Blueberries are one of the 8 things you should eat every day. The reason being, that they are loaded with antioxidants. Blueberries also help protect eyesight, promote gastrointestinal health, reduce your risk of colon and ovarian cancer, promote healthy bowel movements, and slow the onset of age-related dementias. And that's why I put blueberries in my breakfast smoothie. Unfortunately, Jane doesn't eat blueberries with much regularity. She prefers them fresh, and we have about a 4-week window in August when they're available to us. That is, available at a price we can afford.
It looks like scientists are getting close to turning on the genes that will allow tomatoes to have the same health benefits as blueberries.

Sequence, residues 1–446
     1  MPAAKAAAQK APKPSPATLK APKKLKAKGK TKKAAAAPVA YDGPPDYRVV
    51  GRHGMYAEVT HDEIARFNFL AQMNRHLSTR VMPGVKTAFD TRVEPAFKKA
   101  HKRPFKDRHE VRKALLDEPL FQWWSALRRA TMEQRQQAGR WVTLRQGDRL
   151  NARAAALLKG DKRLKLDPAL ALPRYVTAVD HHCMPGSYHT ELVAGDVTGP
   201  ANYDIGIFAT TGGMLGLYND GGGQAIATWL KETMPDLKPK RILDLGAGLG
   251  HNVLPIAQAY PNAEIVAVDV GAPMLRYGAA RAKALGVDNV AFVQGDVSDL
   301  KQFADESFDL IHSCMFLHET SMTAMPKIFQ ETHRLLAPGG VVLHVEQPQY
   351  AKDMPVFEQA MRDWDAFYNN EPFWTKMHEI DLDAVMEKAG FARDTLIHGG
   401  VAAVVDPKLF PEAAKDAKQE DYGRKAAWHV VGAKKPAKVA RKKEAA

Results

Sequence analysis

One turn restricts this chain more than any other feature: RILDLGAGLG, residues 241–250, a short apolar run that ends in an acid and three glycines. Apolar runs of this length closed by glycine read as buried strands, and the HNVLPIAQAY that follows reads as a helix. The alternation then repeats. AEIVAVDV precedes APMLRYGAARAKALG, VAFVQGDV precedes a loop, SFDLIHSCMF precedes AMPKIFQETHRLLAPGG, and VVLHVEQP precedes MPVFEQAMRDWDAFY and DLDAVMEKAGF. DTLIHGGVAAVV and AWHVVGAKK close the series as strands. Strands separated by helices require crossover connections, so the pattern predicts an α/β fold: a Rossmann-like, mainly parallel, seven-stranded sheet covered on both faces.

The purple pigments are potent antioxidants called anthocyanins that mop up the free-radicals that cause cancer and heart disease. Anthocyanins naturally occur in blueberries, blackberries and blackcurrants, but natural tomatoes only contain negligible amounts of the compounds.
Tomato plants have all the necessary genes to create the pigments, but they are normally dormant, so the team inserted two additional genes from the snapdragon flower that trigger these genes to become active.
Of course, this is all still in the early stages. Toxicology studies need to be performed to ensure that the "enriched" tomatoes aren't hiding negative effects as well. There is also the question of how this pigment might affect taste.
See World's Healthiest Foods -- Blueberries for more information on the health benefits of blueberries.